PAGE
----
Blue Hole Back Home Joy Jordan-Lake (Cook) $13.99 This is another wonderful example of a profoundly Christian writer, doing an excellent novel on a CBA/evangelical publishing house. Joy Jordan-Lake is an accomplished non-fiction writer, and we’ve commended her fine stuff before. Besides her Masters degree from a seminary, she has a PhD in nineteenth-century American literature – which has obviously prepared her for thinking well about the nature of serious fiction. But who knew she could pen such an interesting story? Listen to this: Brett Lott, himself an acclaimed mainstream novelist says Jordon-Lake “has written a fine tale of racial conflict and healing, and done so with a fresh and engaging voice.” Or, better — and spot on for our purposes here – listen to the amazing publishing guru herself, The Ms. Phyllis Tickle: “Reminiscent of To Kill a Mockingbird, Blue Hole Back Home is a haunting story, lyrically told, about the death of innocence under a Southern sun.”
Set among a mangy pack of kids in 1979, the summer was “heavy not only with the humid Appalachian air, but also with the raw emotion brought on by a stranger in their midst. The new girl. The new girl with the deeply colored skin and the straight shiny hair and the father who prayed on a rug facing east each morning.”
Down in the River Ryan Blacketter (Slant) $22.00 We have talked before, and continue to proudly stock each of the books in this important literary imprint curated by Image Journal editor Gregory Wolfe. (l loved their story involving — among other spectacular things — liberation theologians in Central America, A Land Without Sin by Paula Huston.) I have not looked at this recent one much, but it seems to be right to list it here. This is a dark, serious tale, set in the contemporary Pacific Northwest (the author is from Idaho) and resonant with important themes for those who want a moral center to their edgy fiction. It is about grief and loss, religion and resistance, a brave story claiming to be about the deepest matters of the human heart. Listen to these rave reviews, first from Marilynne Robinson (yes, Marilynne Robinson!): “Blacketter has a marvelous eye for the emotional textures of the most commonplace experience, the kind that familiarity makes almost subliminal.”
Shann Ray (author of American Masculine) says,
Blacketter’s prose is paired with the torque of a plot that lives and moves like an indomitable engine. This difficult and necessary story is inbreathed with a ferocity that leaves the reader shaken. In the end, through Blacketter’s sure hand, we encounter a surprisingly intimate brush with our own desire for peace of soul, and in so doing, are drawn toward the ineffable mystery of how our contact with others inevitably carries with it a sense of infinity gravity.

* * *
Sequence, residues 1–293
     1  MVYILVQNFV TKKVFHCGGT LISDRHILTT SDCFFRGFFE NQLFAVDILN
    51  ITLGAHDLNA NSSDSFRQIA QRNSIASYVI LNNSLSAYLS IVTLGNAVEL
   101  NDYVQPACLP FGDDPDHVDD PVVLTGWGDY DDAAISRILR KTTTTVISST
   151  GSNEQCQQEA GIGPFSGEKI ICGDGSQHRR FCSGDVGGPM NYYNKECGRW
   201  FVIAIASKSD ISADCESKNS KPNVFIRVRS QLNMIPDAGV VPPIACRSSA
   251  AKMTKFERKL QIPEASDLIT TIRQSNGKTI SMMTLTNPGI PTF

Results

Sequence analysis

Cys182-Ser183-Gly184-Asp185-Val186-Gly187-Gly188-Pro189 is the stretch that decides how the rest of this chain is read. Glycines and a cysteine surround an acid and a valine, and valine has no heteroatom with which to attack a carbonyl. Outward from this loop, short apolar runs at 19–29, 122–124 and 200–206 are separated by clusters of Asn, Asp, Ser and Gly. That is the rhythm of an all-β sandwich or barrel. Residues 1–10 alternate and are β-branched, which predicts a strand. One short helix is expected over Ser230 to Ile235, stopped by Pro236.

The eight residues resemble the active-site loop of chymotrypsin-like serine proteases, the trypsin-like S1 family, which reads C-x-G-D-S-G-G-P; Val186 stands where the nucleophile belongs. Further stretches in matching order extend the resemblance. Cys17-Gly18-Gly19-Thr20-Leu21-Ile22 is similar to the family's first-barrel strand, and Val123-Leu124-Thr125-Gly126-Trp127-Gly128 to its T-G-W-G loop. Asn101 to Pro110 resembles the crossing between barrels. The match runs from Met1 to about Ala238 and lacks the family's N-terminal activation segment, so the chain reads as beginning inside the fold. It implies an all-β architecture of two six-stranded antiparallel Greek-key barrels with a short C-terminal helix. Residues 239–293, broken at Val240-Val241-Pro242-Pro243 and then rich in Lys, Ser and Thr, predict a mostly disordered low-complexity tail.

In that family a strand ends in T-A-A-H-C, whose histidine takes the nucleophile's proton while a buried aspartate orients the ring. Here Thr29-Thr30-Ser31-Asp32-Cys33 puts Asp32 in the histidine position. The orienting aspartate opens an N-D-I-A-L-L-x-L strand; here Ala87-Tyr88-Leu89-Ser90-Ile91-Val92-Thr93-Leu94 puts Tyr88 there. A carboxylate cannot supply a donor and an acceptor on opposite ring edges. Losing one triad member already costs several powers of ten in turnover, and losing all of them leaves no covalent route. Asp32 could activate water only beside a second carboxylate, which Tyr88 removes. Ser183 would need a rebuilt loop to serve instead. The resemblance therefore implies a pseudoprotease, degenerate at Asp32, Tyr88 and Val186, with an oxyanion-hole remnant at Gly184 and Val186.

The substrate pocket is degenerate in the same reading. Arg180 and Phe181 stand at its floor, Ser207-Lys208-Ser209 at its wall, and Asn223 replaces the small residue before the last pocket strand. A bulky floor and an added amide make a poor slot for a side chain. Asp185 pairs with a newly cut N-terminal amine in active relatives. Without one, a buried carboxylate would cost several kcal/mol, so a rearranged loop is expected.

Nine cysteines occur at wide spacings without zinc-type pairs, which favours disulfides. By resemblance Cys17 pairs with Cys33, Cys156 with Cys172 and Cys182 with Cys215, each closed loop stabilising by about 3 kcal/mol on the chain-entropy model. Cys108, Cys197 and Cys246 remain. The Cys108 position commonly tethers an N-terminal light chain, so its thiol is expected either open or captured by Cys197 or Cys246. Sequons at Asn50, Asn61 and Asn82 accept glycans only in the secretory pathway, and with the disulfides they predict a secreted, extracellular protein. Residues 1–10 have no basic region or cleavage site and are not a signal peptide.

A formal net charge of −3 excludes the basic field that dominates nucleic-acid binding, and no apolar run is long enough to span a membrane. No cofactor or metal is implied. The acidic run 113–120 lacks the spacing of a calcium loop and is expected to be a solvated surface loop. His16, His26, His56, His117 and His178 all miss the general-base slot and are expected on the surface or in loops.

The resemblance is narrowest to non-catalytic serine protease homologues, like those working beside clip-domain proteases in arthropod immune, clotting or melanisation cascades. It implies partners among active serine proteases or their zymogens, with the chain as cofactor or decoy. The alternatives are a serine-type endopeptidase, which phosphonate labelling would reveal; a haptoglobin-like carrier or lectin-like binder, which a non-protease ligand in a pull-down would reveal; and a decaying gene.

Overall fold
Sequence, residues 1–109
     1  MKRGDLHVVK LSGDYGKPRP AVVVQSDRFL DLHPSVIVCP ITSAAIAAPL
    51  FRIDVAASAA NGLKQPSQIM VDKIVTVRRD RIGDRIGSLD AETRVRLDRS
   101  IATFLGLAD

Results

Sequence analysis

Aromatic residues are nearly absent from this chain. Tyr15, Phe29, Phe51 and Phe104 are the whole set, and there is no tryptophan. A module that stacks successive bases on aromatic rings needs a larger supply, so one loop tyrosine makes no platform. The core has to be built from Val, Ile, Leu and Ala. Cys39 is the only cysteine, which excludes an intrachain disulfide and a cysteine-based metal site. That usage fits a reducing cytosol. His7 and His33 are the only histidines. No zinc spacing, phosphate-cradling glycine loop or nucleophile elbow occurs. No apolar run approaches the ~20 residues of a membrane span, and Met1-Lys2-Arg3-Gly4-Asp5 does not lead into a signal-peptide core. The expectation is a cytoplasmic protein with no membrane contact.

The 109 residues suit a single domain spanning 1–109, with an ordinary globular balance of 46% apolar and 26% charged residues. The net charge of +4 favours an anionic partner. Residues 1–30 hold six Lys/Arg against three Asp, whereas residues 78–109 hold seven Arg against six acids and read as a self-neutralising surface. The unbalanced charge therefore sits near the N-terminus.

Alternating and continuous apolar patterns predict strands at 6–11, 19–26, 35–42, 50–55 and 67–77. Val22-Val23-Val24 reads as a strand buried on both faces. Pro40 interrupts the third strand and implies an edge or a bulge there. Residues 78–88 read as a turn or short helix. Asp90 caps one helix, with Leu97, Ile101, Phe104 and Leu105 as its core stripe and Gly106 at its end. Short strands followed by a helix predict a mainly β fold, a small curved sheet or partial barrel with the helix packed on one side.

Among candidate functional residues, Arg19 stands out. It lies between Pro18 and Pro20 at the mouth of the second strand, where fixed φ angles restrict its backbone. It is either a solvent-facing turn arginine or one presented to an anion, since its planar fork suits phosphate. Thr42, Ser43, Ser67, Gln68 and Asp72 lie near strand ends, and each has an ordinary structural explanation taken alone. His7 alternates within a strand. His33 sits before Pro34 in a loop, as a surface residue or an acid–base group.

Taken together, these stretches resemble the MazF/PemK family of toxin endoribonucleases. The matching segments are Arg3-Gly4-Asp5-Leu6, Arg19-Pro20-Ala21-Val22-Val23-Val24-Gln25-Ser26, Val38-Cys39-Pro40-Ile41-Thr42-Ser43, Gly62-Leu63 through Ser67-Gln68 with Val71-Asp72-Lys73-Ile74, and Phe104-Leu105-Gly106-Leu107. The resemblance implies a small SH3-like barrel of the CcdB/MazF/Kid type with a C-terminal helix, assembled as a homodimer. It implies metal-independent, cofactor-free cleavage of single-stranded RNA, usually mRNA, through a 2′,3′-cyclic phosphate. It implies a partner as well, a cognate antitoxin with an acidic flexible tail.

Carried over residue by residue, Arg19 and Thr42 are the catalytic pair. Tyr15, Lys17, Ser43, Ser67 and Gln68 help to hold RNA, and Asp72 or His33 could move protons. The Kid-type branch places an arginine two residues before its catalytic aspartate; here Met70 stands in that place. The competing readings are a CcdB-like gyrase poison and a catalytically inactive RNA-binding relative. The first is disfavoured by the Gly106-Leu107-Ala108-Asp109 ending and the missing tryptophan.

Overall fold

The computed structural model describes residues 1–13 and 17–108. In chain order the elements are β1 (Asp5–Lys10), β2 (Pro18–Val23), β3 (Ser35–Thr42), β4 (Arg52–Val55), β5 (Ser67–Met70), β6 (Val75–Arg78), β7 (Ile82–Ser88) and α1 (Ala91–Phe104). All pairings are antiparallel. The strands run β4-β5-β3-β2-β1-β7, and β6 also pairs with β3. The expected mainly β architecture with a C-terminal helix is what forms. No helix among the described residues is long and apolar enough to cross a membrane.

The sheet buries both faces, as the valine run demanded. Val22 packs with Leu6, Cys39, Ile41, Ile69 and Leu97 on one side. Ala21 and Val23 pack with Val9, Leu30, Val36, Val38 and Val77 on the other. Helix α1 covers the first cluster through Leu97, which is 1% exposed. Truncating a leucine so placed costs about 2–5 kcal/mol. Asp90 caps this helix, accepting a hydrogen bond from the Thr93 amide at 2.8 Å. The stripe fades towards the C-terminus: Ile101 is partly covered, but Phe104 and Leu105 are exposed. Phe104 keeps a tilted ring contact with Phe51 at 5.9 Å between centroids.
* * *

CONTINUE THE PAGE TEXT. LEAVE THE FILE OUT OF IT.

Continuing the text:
Or, as another reviewer, Pinckney Benedit (Miracle Boy and Other Stories) tell us,
I can’t remember when I’ve liked a character as much as I like young Lyle Rettew, or when I’ve cheered one on so hard despite the fact that he’s clearly crazy and his quest is doomed. A thunderous debut, and the beginning of what will surely be a breathtaking career.
The Orchardist Amanda Coplin (Harper Perennial) $15.99 Here is another book set in the Pacific Northwest, one which is known for “exquisitely described landscapes.” (A review at O called it “a wise and great American novel” and Entertainment Weekly review said “There are echoes of John Steinbeck in this beautiful and haunting debut.”) Set in the early 20th century, it is said to be both somber and majestic, and written with “dazzling craftsmanship.” The story’s main character carefully stewards his fruit orchards, shows compassion to some young runaway (and very pregnant) women, and is led to the depth of soul-searching as he struggles to reconcile with his own past, and protect these teens. I read in an interview how it took the author eight years to finish the manuscript, but despite all the permutations it went through, her vision remained true, and the characters strong. I don’t know why, but I wanted to share this one, here, now, for those still pondering the Harper Lee matter. NPR said it was “A stunning accomplishment, hypnotic in its storytelling power, by turns lyrical and gritty, and filled with marvels.” It has a nice paperback cover with deckled edges, surely a lovely book to have.
To Kill a Mockingbird Harper Lee (Harper Perennial) $14.95 That’s only nine titles I’ve listed, you say? Well, how about revisiting To Kill a Mockingbird? We’ve got a lovely paperback edition, and, really, if you haven’t read it, or haven’t read it as an adult, well… There’s no need to say much. It is a truly great American classic, and once you get in to the cadence and language of the kids — Scout and her older brother, Jem — you’ll have a blast and not want to leave their intriguing, playful, wonder-filled and at times scary Southern world. And, just so you know, we have a few of the very interesting books about this classic, such as The Mockingbird Parables: Transforming Lives Through the Power of Story by Matt Litten (Nelson; $14.99.) To commemorate the 50th anniversary of the release of the book a few years ago
filmmaker Mary Murphy has interviewed dozens of prominent figures on how the book has impacted their
lives. It’s a great reminder of the power of this story. These interviews are compiled in Scout, Atticus, and Boo (Harper Perennial; $14.99) with a foreword from acclaimed writer Wally Lamb. Nice. And of course, there is the much-acclaimed I Am Scout: The Biography of Harper Lee by Charles Shields. Lots of great titles to keep us in that liminal Alabama space.